NZ policewomen celebrate 75 years

Detective Constable Fiao'o Fa'amausili juggles her role in the adult sexual assault team with her duties as captain of ...

Detective Constable Fiao'o Fa'amausili juggles her role in the adult sexual assault team with her duties as captain of the Black Ferns.

Put in the hard yards and you'll get the results.

That's Detective Constable Fiao'o Fa'amausili's​ advice to women wanting to join the New Zealand police.

The 35-year-old, who works in the adult sexual assault team at central Manukau's multi-agency centre, is one of about 1800 female police officers serving throughout the country. 

Their contributions are being honoured in June as the organisation celebrates 75 years of women in the force.

Fa'amausili grew up in Samoa and moved to Mangere East when she was 5. She graduated from police college in 2010 and began her career in Otahuhu, first on the frontline, then for the Counties Manukau tactical crime unit and criminal investigation branch.

Now living in Manurewa, she splits her time between policing and her duties as captain of the Black Ferns women's rugby team.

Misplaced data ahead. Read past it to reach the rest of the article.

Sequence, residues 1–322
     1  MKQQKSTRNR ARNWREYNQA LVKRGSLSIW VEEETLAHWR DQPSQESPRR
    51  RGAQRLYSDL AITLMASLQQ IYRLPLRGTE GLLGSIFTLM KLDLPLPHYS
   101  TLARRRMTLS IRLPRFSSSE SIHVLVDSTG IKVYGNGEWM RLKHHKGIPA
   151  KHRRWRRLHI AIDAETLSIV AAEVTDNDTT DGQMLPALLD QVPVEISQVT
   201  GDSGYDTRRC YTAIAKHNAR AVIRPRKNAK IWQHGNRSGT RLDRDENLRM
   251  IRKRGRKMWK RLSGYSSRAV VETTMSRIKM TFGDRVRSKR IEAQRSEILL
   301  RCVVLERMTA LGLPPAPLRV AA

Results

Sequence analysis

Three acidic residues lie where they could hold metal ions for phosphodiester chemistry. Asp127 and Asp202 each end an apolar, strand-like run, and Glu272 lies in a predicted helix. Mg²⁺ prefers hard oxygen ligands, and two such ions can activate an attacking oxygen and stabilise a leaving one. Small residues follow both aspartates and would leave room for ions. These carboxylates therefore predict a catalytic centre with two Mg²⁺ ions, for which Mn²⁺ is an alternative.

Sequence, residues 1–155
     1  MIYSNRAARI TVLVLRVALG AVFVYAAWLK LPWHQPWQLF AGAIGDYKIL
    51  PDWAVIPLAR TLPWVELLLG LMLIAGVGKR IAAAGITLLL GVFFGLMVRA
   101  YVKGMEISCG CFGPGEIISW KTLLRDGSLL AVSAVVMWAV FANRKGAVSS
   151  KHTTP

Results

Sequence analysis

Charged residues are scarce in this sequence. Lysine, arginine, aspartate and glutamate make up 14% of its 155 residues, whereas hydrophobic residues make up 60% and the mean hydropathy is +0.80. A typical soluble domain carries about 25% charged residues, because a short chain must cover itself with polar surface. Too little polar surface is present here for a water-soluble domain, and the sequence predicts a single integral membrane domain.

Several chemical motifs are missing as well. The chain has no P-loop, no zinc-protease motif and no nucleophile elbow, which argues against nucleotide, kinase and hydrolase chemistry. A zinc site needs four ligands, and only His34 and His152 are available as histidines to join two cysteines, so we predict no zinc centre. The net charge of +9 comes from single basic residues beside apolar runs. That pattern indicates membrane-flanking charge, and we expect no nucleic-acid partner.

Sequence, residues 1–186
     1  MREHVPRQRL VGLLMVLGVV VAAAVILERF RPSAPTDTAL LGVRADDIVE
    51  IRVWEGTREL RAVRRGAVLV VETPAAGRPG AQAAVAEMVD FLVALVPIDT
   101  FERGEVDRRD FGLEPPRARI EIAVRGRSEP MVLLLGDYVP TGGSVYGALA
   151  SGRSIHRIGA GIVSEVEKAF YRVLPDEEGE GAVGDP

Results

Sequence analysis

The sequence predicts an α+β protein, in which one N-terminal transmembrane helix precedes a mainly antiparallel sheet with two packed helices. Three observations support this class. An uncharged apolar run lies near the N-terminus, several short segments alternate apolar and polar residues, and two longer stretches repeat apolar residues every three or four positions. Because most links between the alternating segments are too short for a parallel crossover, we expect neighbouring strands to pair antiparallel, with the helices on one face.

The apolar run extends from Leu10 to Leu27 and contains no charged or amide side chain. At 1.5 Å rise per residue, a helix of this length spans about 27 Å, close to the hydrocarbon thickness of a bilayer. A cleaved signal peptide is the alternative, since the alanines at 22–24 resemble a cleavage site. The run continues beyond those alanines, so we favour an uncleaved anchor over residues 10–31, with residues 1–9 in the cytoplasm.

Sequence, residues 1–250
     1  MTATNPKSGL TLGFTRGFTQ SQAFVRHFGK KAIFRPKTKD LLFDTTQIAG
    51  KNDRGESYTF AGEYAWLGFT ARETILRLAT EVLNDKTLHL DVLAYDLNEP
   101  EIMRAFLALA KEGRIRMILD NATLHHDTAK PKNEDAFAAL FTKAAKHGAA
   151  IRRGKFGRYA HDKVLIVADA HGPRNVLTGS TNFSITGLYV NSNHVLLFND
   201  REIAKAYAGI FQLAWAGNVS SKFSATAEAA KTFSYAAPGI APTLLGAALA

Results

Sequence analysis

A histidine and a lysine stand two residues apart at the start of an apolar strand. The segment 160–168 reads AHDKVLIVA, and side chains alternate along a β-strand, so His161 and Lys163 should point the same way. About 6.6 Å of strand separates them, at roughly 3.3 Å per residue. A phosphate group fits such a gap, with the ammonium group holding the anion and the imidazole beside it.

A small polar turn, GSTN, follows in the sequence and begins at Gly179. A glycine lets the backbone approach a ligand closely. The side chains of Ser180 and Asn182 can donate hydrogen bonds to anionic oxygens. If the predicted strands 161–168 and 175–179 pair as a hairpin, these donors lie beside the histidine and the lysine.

Fa'amausili says there is "a lot of support" for female cops nowadays and it is becoming more common for women to be promoted.

"I don't think it's held me back. Even though you're in a male-dominated job, the women can do the job just as well," she says. 

"We can offer that calm nature. The way things are now, how you communicate with people is how we get results. That's where women excel."

The celebrations commemorate the June 1941 intake of the first 10 female police officers. Their uniforms included hats, gloves and handbags and they were mainly restricted to office work.

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The landscape began to change in the 1960s. Women began training alongside men at the police college and in 1965, they achieved pay equality with their male counterparts.

As of 2016, about one in five New Zealand police officers are women.

A relay to celebrate their achievements will be held in July, with the torch coming through the Counties Manukau police district on July 6-9.

Fa'amausili says the future looks bright for policewomen. Her goal for the next five years is to become a supervisor and "strengthen" other women coming through the ranks.

"I want to give them hope that there are opportunities out there for us to be alongside the men."

 - Stuff

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